Best Buy's Diamond as Big as the Ritz
For example, when my wife, Peggy, and I sold our business and moved to Philadelphia 14 years ago, we wandered into David Mann Audio in Center City to purchase a B&O CD player. Soon thereafter, David Mann was fired as a reseller and the only B&O store in the area is 20 miles outside of Philadelphia in King of Prussia, Pa.
In my opinion, a down-'n'-dirty database analysis of customers is a lot cheaper--and a lot more informative—than hiring Ed Schlossberg to design a money-losing experiential environment in the vague hopes of divining the inner workings of the young female mind as it relates to one high-tech product, the digital camera.
Takeaway Points to Consider
- For years, Bang & Olufsen assumed that its customers were urban yuppies. Remember: "When you assume, you make an ASS of U and ME.
- Best Buy's 700 stores get 500 million visits each year. Of those, CEO Brad Anderson found that 20 percent—or 100 million—were money losers. He figured out a way to discourage those folks from remaining customers, enabling him to concentrate on developing the top four quintiles.
- The old rule that 80 percent of your business comes from the top 20% of your customer file is pretty accurate. The object of marketing—apart from acquiring profitable new customers—is to make such attractive offers that all existing customers in one quintile will be moved up into the next quintile.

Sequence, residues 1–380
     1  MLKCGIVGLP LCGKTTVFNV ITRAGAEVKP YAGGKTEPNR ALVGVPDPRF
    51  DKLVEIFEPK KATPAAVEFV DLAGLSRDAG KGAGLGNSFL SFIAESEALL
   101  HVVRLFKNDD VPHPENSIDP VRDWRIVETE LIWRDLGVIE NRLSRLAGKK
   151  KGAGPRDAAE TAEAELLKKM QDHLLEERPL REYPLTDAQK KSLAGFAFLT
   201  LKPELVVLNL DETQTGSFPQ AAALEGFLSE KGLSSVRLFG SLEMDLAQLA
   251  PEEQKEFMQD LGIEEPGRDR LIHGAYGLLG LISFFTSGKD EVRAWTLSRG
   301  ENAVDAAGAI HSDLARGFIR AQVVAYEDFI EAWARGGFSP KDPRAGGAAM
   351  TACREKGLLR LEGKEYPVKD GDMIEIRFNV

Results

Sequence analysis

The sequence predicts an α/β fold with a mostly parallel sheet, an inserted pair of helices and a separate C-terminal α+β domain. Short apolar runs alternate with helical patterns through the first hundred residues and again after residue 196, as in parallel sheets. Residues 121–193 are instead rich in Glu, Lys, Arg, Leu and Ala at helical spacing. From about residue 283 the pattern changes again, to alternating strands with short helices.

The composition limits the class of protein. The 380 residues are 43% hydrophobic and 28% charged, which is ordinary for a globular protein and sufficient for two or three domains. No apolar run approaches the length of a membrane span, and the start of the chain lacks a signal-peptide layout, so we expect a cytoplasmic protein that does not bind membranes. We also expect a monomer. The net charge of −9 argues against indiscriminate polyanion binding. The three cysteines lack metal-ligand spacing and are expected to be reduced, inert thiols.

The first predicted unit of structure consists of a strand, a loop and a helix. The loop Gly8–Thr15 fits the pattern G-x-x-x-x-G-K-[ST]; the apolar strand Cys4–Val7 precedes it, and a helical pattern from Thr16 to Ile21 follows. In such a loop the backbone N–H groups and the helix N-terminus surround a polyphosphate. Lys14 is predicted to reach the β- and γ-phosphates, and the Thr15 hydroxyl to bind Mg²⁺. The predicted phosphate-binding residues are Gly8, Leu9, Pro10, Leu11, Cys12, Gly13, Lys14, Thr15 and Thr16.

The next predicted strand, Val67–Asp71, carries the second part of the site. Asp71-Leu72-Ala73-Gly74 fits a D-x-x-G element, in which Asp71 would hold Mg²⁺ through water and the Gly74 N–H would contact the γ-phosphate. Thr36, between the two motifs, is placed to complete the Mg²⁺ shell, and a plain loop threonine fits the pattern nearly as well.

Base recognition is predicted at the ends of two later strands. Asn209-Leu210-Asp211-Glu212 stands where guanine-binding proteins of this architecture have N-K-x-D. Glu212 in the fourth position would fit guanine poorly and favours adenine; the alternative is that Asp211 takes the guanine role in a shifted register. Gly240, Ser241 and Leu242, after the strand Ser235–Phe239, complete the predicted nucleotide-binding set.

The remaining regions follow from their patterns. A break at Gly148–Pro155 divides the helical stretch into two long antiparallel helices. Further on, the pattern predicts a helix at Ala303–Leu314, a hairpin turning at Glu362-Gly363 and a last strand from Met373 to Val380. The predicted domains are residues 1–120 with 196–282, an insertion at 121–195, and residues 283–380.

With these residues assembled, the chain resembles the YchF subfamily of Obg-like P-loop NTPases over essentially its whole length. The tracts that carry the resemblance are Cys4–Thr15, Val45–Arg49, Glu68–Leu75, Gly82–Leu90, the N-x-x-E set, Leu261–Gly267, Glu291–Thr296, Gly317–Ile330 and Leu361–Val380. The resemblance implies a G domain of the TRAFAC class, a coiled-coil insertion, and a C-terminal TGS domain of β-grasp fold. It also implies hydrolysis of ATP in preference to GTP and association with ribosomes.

- The process starts with database analysis.
- Best Buy has records of 400 million profitable store visits a year—nearly a billion over 24 months. Except for the occasional cash customers, somewhere in the Best Buy computers are tens of millions of names and addresses plus the three most basic elements of customer analysis: Recency-Frequency-Monetary Value (RFM).
- Imagine if this file were bumped up against one of the giant direct marketing co-op databases or credit reporting agencies—or both—that could append to the retail chain's internal data the demographics and behavior patterns of all its customers.